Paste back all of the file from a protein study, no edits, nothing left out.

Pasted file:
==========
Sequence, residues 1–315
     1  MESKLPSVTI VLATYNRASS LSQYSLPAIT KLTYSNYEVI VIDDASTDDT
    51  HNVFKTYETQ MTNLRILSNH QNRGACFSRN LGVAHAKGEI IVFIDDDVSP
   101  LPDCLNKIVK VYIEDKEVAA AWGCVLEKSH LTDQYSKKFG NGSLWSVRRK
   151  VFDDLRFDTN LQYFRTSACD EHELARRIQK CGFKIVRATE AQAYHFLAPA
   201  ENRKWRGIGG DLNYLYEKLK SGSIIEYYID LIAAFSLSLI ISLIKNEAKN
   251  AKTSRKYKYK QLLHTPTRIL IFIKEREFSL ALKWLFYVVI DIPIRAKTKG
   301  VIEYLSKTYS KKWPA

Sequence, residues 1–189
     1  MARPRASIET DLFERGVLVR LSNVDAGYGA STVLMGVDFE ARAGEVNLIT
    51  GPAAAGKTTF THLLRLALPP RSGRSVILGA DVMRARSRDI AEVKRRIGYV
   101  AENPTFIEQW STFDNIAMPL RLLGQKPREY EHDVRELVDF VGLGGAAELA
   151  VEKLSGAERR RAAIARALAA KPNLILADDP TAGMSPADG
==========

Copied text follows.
Sequence, residues 1–315
     1  MESKLPSVTI VLATYNRASS LSQYSLPAIT KLTYSNYEVI VIDDASTDDT
    51  HNVFKTYETQ MTNLRILSNH QNRGACFSRN LGVAHAKGEI IVFIDDDVSP
   101  LPDCLNKIVK VYIEDKEVAA AWGCVLEKSH LTDQYSKKFG NGSLWSVRRK
   151  VFDDLRFDTN LQYFRTSACD EHELARRIQK CGFKIVRATE AQAYHFLAPA
   201  ENRKWRGIGG DLNYLYEKLK SGSIIEYYID LIAAFSLSLI ISLIKNEAKN
   251  AKTSRKYKYK QLLHTPTRIL IFIKEREFSL ALKWLFYVVI DIPIRAKTKG
   301  VIEYLSKTYS KKWPA

Sequence, residues 1–189
     1  MARPRASIET DLFERGVLVR LSNVDAGYGA STVLMGVDFE ARAGEVNLIT
    51  GPAAAGKTTF THLLRLALPP RSGRSVILGA DVMRARSRDI AEVKRRIGYV
   101  AENPTFIEQW STFDNIAMPL RLLGQKPREY EHDVRELVDF VGLGGAAELA
   151  VEKLSGAERR RAAIARALAA KPNLILADDP TAGMSPADG